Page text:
Harris v. Pennington et al
ORDER denying 25 Motion for Preliminary Injunction. Signed by District Judge Michael P. Mills on 10/17/17. (cr)
IN THE UNITED STATES DISTRICT COURT
FOR THE NORTHERN DISTRICT OF MISSISSIPPI
WILLIE J. HARRIS
CIVIL ACTION NO. 4:17CV67-MPM-JMV
RICHARD PENNINGTON, ET AL.
ORDER DENYING PLAINTIFF’S MOTION FOR A
Plaintiff Willie J. Harris, an inmate housed in Unit 30 D-Building at the Mississippi State
Penitentiary, has filed a motion for preliminary injunction. Harris’ housing zone is currently on
lockdown, and he seeks an order requiring Defendants to provide him with canteen and visitation
privileges. See Doc. #25 at 2.
A party must prove each of four elements to be entitled to injunctive relief: (1) a
substantial likelihood of success on the merits; (2) a substantial threat of irreparable injury if the
injunction is not issued; (3) that the threatened injury to the movant outweighs any harm that the
injunction will cause the nonmovant; and (4) that the injunction will not disserve the public
interest. Women=s Med. Ctr. of Northwest Houston v. Bell, 248 F.3d 411, 419 n.15 (5th Cir.
2001); DSC Communications Corp. v. DGI Technologies, Inc., 81 F.3d 597, 600 (5th Cir. 1996).
It is an extraordinary remedy that is Anot to be granted routinely, but only when the movant, by a
clear showing, carries [the] burden of persuasion.@ Black Fire Fighters Association v. City of
Dallas, 905 F.2d 63, 65 (5th Cir. 1990) (quotation omitted); Lewis v. S.S. Baune, 534 F.2d 1115,
1121 (5th Cir. 1976) (AAn injunction is an extraordinary remedy and should not issue except
upon a clear showing of possible irreparable injury[.]@).
Harris maintains that the extended period of lockdown has arbitrarily denied him of his
rights without due process. However, the Fifth Circuit has held that “[p]rison officials should be
accorded the widest possible deference in the application of policies and practices designed to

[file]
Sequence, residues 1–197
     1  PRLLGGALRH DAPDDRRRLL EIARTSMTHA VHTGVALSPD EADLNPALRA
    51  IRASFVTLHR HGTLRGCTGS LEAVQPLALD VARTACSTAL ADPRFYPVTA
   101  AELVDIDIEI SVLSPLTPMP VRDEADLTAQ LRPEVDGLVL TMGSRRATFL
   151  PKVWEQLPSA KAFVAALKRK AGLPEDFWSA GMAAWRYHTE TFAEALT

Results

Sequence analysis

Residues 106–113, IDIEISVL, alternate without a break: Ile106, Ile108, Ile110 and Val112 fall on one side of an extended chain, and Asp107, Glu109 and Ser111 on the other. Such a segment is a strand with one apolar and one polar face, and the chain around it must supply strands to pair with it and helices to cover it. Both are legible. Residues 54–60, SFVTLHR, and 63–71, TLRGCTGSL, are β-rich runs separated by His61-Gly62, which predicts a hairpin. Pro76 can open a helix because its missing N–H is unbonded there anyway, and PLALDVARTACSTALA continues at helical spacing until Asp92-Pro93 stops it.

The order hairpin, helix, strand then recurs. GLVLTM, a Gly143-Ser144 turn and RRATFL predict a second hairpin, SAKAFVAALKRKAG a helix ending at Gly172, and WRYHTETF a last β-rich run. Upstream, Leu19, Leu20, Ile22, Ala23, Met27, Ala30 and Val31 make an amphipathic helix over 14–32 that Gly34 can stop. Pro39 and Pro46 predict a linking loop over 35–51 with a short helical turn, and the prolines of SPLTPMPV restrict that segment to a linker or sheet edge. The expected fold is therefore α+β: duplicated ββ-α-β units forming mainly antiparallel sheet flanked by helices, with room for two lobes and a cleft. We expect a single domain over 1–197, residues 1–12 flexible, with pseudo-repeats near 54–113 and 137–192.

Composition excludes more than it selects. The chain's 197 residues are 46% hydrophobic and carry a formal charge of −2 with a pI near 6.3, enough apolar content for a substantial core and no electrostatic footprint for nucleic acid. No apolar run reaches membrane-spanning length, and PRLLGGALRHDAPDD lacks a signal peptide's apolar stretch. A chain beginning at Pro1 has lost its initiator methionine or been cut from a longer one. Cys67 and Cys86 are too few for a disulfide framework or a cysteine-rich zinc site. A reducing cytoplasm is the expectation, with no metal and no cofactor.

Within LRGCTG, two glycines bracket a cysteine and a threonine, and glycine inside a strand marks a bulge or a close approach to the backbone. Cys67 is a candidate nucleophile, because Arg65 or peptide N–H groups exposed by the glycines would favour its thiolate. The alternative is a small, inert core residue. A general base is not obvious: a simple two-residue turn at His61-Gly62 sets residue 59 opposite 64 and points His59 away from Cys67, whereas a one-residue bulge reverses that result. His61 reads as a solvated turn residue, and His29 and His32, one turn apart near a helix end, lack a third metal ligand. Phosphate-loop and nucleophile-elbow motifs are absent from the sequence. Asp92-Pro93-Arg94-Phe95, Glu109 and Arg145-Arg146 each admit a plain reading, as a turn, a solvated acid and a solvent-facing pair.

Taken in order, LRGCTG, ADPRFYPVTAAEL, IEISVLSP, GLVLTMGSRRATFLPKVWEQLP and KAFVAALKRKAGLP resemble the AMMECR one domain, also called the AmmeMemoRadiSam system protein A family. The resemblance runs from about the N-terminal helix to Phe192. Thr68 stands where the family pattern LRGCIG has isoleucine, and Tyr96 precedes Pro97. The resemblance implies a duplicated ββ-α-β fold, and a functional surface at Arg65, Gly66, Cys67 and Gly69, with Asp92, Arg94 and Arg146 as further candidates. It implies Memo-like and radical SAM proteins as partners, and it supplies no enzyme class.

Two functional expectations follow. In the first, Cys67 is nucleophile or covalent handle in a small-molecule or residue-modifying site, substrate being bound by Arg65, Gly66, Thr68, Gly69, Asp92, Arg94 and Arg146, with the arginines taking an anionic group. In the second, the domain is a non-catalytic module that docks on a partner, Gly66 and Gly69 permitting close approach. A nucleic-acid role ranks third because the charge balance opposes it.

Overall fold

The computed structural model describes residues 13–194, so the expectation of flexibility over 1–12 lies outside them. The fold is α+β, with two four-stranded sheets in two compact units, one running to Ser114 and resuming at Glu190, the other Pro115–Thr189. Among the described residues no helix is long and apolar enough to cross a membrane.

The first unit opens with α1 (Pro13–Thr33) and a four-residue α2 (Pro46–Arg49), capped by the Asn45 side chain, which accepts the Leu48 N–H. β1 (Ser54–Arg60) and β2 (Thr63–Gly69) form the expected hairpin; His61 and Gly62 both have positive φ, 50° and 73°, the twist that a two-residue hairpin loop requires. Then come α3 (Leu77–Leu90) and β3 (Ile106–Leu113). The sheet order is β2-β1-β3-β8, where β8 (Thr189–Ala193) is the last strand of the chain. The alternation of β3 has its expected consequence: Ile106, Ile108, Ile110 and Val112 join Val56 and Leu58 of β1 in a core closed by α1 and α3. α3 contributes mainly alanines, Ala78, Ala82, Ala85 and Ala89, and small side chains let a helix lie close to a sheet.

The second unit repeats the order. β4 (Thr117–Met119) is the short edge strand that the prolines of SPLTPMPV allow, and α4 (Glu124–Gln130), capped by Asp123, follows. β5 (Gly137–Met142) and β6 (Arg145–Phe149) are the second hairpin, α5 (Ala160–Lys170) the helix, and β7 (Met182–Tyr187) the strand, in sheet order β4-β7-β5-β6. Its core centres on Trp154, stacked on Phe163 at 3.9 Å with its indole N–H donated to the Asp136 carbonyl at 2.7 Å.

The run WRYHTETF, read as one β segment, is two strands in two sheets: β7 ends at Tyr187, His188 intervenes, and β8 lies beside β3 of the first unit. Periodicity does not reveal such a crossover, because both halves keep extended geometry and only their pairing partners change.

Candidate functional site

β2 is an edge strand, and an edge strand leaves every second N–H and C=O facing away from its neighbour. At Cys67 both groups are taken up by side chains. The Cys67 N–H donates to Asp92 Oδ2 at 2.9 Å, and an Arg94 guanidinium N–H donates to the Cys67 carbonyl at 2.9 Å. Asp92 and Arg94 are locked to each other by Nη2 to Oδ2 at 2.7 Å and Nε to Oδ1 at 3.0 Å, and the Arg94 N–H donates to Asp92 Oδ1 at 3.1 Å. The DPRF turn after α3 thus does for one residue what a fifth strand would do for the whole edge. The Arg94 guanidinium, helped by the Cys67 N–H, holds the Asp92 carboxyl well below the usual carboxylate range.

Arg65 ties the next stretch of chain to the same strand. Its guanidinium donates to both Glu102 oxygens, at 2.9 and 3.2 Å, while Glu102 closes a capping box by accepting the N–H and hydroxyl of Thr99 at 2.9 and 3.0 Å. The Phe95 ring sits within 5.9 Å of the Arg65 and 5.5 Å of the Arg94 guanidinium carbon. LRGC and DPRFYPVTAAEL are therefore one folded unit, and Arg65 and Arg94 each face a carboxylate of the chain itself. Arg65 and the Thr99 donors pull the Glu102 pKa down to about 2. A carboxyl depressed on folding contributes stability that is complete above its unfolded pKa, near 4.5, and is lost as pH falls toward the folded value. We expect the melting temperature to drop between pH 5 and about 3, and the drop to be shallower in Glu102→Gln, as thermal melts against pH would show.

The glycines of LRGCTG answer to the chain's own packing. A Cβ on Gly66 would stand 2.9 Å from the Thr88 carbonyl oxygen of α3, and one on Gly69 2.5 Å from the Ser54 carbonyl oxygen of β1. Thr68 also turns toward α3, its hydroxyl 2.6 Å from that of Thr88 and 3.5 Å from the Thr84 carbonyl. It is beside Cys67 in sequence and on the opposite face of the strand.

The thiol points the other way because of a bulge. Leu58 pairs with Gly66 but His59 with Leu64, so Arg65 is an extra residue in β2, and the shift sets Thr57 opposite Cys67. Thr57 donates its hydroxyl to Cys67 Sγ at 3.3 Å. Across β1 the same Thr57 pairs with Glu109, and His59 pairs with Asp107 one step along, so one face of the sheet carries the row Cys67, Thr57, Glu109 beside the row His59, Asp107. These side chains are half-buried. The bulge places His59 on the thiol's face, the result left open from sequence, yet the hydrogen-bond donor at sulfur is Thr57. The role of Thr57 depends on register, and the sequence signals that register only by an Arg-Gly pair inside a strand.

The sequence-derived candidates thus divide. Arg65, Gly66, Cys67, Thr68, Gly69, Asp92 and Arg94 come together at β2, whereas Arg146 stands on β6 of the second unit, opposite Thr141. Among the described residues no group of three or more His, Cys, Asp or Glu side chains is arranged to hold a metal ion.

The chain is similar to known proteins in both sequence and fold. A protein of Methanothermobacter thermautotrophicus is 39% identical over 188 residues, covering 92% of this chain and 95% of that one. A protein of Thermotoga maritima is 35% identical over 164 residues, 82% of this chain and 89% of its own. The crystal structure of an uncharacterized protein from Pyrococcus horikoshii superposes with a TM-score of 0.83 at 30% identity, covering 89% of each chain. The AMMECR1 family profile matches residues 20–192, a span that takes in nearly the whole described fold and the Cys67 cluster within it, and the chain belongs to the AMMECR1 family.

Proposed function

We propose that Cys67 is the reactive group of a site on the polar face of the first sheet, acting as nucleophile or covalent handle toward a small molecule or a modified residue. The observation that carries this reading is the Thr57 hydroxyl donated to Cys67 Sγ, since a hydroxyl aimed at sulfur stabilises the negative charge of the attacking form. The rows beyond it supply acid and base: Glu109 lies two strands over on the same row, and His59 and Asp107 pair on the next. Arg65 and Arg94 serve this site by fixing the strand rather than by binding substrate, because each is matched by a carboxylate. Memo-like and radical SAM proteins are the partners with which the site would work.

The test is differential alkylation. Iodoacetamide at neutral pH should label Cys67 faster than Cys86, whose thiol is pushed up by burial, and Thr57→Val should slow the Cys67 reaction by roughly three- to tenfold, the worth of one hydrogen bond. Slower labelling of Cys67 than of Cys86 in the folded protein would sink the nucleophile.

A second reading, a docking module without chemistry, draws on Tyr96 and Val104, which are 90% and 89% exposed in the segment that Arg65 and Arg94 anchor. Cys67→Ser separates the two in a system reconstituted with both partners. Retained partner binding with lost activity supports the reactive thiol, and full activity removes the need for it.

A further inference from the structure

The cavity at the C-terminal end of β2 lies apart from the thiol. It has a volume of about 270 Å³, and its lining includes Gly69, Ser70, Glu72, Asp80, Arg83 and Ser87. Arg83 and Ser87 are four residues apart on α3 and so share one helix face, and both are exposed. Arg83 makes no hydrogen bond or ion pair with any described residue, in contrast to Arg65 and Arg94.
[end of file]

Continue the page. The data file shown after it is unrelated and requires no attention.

maintain security and preserve internal order.” McCord v. Maggio, 910 F.2d 1248, 1251 (5th
Cir.1990). Harris’ complaint of the loss of privileges during the course of a zone-wide lockdown
does not implicate a liberty interest. See Wilkerson v. Goodwin, 774 F.3d 845, 853 (5th Cir.
2014) (citing previous rulings “that ‘absent extraordinary circumstances,’ administrative
segregation that is merely ‘incident to the ordinary life as a prisoner’ is not grounds for a
constitutional claim, because it simply ‘does not constitute a deprivation of a constitutionally
cognizable liberty interest’”) (citations omitted); Madison v. Parker, 104 F.3d 765, 768 (5th
Cir.1997) (noting liberty interests protected by the Due Process Clause are generally limited
those regulations affecting “the quantity of time rather than the quality of time served by a
prisoner”); McCray v. Sullivan, 509 F.2d 1332, 1334 (5th Cir.1975) (“[V]isitation privileges are
a matter subject to the discretion of prison officials and are not a constitutional right.”).
Because Harris does not possess a constitutional right to commissary or visitation
privileges, the Court finds that Harris is unable to demonstrate a substantial likelihood of success
on the merits of his claim. Therefore, the instant motion for a preliminary injunction  is
SO ORDERED this 17th day of October, 2017.
/s/ Michael P. Mills
UNITED STATES DISTRICT JUDGE
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